Warning: Spoilers ahead for "Star Trek: Picard" Season 3, episode 10
Hoo-boy. There's a lot to unpack with the series finale of "Star Trek: Picard."
First and foremost, wow, how hard are the executive producers pushing for a another legacy series?! Every single stop was pulled out for this one, including wheeling out still-not-dead Q (John de Lancie) fresh from ... well, dying in the second season finale. It's very much on par with conjuring up Wesley (Wil Wheaton) out of thin air for the "Gasp Factor" also at the end of Season 2. After all, it doesn't require much effort and that includes actually following it up.
This episode — much like the whole season and these days, like almost all of "Star Trek" — will probably polarize fans. As we talked about in our episode 9 review last week, in terms of story structure, it's more or less an identical to the previous two seasons, which is monumentally disappointing. Maybe that was the quickest, most effective way to bang out a new 10-episode season. Perhaps that's all you can do to produce a standalone, single-season story arc three times over. Even "Star Trek Discovery" has shown us evidence of that.
Had every single season not had to end like it was the last one, maybe this could've been avoided. But, like the second season, so many story threads were flashed before our eyes, never to be seen again. So many ideas introduced and never followed through. And also like the last two seasons, there were — buried deep down, hidden in the depths amongst all the nostalgia — some really good ideas and really clever, creative concepts. But guess what? Oh yes. This third season, just like the other two, didn't fully capitalize on them.
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The theme of using sound effects from vastly varying incarnations of Trek is fun, albeit just a tad inconsistent, although it just adds to the massive, magnificent mess that we have. It's a plot hole-filled, party favor of a finale, much like the previous seasons. Let's not even talk about the terrorist attack on whatever building that was on Earth. See? It's so unimportant now, I can't even remember the name of it. Or Raffi's underplayed role. Or even where was Agnes Jurati if the Borg were going to get involved? Oh yes, what began 35 years ago, ends tonight. Until it doesn't.
Adding the voice of Walter Koenig as President Anton Chekov, son of Pavel, was a nice touch, as was using the first name Anton as teeny-tiny tribute to Anton Yelchin and an equally nice nod to "Star Trek IV: The Voyage Home." But then one executive producer — for there are many — said, "Hey, let's just rewrite the Battle of Sector 001." And rather than kill off any of the central characters, the people at Paramount chose instead to bring back some, who were in fact supposed to be already dead.
And luckily, like his father before him, Locutus Jr. (Ed Speleers) didn't have any limbs removed or an eye poked out, so he was hunky-dory after all the nasty nanobots had been removed. Also, very fortunately for the people onboard, it seems the Federation's Starbase is virtually indestructible. And what are the inertia dampeners on the NCC 1701-D set to? And when did the Enterprise suddenly start handling like the Millennium Falcon? I don't ask for much, just consistency — and that's not the same as repetition. But you know what, we could talk about all of these all day.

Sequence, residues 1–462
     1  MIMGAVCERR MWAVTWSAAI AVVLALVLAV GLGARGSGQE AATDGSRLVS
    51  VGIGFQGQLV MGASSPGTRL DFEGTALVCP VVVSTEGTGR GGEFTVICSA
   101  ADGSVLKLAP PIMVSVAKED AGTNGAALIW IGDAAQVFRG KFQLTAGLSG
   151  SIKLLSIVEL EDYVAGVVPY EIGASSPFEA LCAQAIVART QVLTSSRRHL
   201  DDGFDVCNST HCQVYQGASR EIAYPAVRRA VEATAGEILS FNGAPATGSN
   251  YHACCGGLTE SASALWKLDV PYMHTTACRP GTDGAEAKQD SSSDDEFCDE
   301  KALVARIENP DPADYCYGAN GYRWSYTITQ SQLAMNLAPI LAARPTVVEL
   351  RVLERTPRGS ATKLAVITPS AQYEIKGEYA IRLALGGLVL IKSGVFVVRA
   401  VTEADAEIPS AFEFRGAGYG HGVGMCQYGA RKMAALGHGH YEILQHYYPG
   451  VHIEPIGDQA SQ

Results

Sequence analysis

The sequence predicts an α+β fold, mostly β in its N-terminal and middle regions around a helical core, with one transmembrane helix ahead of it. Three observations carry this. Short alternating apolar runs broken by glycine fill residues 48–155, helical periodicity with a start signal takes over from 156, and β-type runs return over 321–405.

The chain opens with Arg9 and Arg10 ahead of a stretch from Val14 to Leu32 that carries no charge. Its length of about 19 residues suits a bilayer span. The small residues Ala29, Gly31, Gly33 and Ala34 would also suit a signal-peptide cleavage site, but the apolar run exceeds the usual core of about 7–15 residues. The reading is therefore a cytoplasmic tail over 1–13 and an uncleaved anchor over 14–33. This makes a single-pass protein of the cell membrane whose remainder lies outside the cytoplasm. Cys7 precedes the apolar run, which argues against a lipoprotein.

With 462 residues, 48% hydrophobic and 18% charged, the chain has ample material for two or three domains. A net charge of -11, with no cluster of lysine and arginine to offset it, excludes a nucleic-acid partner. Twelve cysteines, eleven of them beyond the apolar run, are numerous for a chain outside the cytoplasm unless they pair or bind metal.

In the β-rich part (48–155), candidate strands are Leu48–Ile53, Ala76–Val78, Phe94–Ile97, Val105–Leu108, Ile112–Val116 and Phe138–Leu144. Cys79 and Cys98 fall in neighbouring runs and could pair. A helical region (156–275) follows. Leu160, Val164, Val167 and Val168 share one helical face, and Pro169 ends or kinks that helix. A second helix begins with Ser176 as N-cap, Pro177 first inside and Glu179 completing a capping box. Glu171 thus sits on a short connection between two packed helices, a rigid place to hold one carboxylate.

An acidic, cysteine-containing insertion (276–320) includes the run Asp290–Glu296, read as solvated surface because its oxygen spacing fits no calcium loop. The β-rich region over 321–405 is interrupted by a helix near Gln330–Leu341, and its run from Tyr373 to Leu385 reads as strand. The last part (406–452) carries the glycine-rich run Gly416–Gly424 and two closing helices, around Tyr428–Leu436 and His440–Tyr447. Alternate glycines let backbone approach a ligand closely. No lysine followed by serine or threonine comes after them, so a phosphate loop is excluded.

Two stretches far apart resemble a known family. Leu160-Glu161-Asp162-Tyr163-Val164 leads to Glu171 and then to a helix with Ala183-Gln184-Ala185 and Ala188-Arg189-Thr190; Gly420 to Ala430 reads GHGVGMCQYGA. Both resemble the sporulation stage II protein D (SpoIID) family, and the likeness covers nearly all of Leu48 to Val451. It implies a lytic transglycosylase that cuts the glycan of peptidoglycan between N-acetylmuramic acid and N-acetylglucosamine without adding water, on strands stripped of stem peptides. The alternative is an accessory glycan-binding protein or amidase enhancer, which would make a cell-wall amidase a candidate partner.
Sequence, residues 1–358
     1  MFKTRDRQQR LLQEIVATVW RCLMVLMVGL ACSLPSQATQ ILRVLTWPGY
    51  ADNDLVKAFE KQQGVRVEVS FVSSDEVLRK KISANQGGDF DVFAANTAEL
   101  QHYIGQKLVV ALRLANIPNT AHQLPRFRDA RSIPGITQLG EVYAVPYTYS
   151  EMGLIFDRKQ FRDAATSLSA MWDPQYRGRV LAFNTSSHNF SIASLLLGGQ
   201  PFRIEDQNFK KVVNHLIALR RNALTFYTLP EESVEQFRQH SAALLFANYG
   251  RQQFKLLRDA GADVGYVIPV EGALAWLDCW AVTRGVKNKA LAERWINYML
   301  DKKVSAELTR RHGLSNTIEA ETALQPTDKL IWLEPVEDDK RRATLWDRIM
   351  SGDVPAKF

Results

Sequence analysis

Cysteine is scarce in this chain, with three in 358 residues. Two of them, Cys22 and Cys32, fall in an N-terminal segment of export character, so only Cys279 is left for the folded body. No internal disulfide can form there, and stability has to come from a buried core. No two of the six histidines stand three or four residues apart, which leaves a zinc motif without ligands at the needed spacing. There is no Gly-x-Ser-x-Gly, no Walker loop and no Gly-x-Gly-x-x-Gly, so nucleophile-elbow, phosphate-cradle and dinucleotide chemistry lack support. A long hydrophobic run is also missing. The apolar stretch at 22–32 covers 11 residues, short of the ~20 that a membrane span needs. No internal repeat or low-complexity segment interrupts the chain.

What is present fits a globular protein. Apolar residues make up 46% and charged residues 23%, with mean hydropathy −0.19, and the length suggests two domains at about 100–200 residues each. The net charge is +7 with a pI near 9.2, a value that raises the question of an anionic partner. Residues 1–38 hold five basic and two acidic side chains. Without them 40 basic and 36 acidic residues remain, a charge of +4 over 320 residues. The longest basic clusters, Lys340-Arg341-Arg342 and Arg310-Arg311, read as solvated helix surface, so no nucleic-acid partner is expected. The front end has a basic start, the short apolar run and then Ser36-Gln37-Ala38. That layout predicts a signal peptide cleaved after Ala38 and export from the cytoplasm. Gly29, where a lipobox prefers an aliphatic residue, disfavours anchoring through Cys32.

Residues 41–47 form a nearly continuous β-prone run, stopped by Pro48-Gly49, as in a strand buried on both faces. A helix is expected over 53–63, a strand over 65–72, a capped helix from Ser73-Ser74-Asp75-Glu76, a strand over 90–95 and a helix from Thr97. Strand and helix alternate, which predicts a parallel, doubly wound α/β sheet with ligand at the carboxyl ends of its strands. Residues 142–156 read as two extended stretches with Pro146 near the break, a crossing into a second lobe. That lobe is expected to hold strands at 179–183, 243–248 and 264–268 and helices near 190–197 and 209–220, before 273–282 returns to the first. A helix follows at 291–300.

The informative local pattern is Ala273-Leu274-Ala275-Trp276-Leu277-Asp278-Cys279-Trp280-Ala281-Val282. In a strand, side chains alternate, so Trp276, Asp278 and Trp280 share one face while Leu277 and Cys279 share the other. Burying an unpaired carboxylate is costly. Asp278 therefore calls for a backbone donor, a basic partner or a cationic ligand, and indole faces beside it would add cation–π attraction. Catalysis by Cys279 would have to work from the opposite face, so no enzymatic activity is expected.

Once you've abandoned all sense of storytelling and any hope of a plot, hey, it was fun ol' roll around in the hay. The nod to "Star Trek VI: The Undiscovered Country" was also nice. And maybe had the hard push for a new legacy series not been quite so down-my-throat, I might have enjoyed it more. I was more surprised Terry Matalas didn't suddenly appear in the post-credits sequence, rather than Q, and officially endorse the message. Perhaps because it allegedly worked for "Strange New Worlds," the die hards at Paramount think it could work again.
After this, and no doubt the next few days on social media, half the "Star Trek" fan base will energized and ecstatic beyond belief, the other half are going to feel exhausted and exasperated. Honestly, I hope we don't get another legacy series, I would prefer to see "Star Trek" try some entirely new directions for a change. And there's no right or wrong, it all comes down to cash. And the "Star Trek" franchise is beginning to feel more like "Police Academy."
A looming writer's strike as reported by The Hollywood Reporter probably won't help, but I seem to recall an interview with Ron D. Moore somewhere where he said that the 1988 Writers Guild of America strike (22 weeks, the longest strike in the guild's history) basically helped him get his ideas in front of folk, because he wasn't a member of the Guild yet. So you know, get those Trek scripts in the mail.
This season of "Picard" has certainly been fun, but I suspect all the folks who were turned off from this third season because of the first two will feel justified. It's just disappointing that Alex Kurtzman and Paramount, with all of the wealth and talent at their disposal, still couldn't come up with something that wasn't a cookie-cutter copy of the last two seasons. Anyone looking for more cerebral sci-fi should probably skip "Star Trek" these days.
"Star Trek: Picard" and every episode of every "Star Trek" show currently streams exclusively on Paramount Plus in the US. Internationally, the shows are available on Paramount Plus in Australia, Latin America, the UK and South Korea, as well as on Pluto TV in Austria, France, Germany, Italy, Spain and Switzerland on the Pluto TV Sci-Fi channel. They also stream exclusively on Paramount Plus in Italy, France, Germany, Switzerland and Austria. In Canada, they air on Bell Media's CTV Sci-Fi Channel and stream on Crave.
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